How to select infrastructure that enhances and optimizes VMware ESXi environments is a topic of discussion in many of the conversations we have with our clients. Virtualization Engineers, Storage Engineers, Network Engineers, and application owners are all quick to explain the issues they are having with their current environments. Some of the recurring themes we hear:
- It takes too long to get new datastores approved and configured!
- The virtualization platform is growing too complicated, too quickly for storage to keep up!
- It takes too long to provision VMs!
- The hypervisor is a black box to the networking team!
- It's so hard to troubleshoot issues with all these vendors!
- I can't wait until Friday!
Some of these issues stem from problems with the people and processes involved with the virtualization workflows, and we will save those for another blog.
Some of these issues, however, come from architecture decisions made without putting the unique requirements of virtualized workloads first. It can be tempting to continue designing systems the way we always have. Tried and true multi-purpose architectures around shared storage have been around long before VMware and they serve a purpose. Unfortunately, a keen eye towards optimizing these virtualized environments requires a deeper look at some of the requirements:
- A solution that integrates with vCenter or other areas of the underlying infrastructure to show port status, vlan assignment, and can trace packets and report on performance from the VM to the physical switch port.
- A solution that allows for microsegmentation in the future, even if it won't be implemented day 1.
- The ability to track performance not to the LUN, but all the way from the vDisk to the array.
- Disk pooling because no one should need to deal with disk groups.
- Granular storage-based snapshots of individual vDisks.
- The storage system should automatically migrate data to new disks without intervention from an admin.
- The ability to meet or exceed performance requirements at low latency.
High Availability and DR
- N+1 for all components, N+2 for anything mission critical, across all components including storage, compute, and networking.
- A solution that provides flexibility to use either application aware replication and failover, or storage-based replication.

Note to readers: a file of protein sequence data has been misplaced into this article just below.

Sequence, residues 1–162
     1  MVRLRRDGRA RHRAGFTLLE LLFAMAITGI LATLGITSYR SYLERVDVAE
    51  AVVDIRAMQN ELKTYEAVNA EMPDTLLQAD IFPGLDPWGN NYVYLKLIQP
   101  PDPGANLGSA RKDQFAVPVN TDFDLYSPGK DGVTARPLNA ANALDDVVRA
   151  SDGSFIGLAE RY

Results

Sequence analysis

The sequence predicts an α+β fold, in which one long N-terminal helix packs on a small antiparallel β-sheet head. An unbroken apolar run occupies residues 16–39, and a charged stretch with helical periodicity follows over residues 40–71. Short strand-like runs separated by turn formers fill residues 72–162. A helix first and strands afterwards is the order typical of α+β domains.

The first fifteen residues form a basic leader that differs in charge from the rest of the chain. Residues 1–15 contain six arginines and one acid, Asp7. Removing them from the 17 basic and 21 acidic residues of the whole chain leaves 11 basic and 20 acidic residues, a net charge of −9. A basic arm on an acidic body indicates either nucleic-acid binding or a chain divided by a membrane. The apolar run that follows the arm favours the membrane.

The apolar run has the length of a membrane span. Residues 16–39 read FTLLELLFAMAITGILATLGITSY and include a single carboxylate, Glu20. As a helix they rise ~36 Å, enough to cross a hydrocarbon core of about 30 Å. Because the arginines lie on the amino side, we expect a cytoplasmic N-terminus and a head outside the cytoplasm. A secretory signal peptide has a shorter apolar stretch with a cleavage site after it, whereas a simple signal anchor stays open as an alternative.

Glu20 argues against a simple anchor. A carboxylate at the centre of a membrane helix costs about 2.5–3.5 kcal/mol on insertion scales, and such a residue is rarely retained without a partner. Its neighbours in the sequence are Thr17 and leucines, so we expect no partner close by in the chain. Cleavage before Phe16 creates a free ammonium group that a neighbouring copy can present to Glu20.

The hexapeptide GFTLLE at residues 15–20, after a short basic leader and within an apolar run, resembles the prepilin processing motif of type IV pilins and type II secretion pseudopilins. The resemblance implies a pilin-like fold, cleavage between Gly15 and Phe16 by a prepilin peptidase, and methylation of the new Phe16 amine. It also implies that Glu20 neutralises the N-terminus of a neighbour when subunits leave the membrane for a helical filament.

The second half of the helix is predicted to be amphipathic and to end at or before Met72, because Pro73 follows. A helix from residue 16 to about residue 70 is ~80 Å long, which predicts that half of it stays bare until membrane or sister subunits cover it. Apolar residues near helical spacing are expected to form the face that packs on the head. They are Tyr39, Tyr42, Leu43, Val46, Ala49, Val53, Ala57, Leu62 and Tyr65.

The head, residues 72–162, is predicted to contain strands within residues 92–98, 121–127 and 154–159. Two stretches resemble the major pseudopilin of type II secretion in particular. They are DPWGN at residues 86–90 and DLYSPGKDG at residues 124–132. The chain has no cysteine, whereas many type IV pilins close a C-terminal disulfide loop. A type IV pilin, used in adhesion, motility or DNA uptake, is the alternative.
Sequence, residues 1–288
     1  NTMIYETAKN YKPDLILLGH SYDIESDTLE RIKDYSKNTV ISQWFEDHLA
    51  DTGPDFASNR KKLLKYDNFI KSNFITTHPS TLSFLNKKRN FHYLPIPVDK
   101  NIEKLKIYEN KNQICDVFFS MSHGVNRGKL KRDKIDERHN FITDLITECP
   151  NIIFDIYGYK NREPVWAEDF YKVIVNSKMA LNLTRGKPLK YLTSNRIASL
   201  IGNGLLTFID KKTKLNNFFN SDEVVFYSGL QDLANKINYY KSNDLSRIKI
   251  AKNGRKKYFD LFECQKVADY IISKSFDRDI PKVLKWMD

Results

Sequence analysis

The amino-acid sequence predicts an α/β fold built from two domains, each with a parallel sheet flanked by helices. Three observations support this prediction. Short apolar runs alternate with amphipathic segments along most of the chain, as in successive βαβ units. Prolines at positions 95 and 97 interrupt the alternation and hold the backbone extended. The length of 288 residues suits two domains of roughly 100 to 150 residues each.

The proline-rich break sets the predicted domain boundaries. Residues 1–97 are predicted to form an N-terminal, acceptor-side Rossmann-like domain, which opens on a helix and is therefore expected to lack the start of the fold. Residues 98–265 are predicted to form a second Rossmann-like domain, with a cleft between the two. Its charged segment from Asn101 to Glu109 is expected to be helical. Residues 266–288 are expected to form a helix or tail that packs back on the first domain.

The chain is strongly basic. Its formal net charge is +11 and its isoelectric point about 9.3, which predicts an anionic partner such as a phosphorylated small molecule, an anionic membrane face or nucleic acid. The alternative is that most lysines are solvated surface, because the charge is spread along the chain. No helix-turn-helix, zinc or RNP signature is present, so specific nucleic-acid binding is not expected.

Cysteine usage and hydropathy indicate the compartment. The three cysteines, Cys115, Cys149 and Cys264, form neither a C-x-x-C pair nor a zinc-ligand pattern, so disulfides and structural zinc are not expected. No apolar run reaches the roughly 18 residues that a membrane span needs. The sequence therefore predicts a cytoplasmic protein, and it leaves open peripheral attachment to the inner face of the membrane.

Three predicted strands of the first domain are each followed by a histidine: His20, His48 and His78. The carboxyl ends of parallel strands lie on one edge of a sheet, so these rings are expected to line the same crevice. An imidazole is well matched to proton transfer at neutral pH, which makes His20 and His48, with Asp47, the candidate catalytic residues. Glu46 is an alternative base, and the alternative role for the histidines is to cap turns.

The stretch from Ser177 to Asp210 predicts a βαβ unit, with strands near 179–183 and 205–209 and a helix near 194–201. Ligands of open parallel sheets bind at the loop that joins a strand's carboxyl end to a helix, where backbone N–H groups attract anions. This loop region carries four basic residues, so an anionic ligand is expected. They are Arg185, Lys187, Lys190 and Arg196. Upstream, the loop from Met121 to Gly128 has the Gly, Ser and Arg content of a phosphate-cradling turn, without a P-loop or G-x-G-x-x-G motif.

- Load balancing and clustering for mission critical applications.
- Built-in replication technologies that minimize the number of solutions required to replicate and failover workloads.
- The ability to scale storage, CPU, memory, and networking quickly and easily.
- Horizontal and vertical scaling based on growth patterns.
- The ability to quickly and easily scale down, without manual data evacuation.
Infrastructure Lifecycle Management
- A solution that provides easy upgrades for software, firmware, and the hypervisor itself.
- The ability to add new components and remove old components all non-disruptively and with little to no intervention from administrators.
- The capability to provide a baseline of versioning across all components of the solution and remediate anomalies
- Limit the vendors in the environment to the extent possible to drive faster time to resolution. We like to say, "one back to pat" as opposed to "one throat to choke."
- Search for a vendor with a great NPS score.
- Understand each of the vendors' SLAs and the specifics around how they work with one another to solve any issues that arise.
Looking at each of the requirements above helps to form a basis for evaluating infrastructure solutions for virtualized environments. At AEBS we help clients make the best choices around virtualization infrastructure for their specific environments. Many times, this involves looking at the requirements above, ranking how important each is to that client, then working through demos and proof of concepts to prove out whether each requirement is met to that client's satisfaction. We'd love to guide you to a solution that optimizes your VMware environment as well!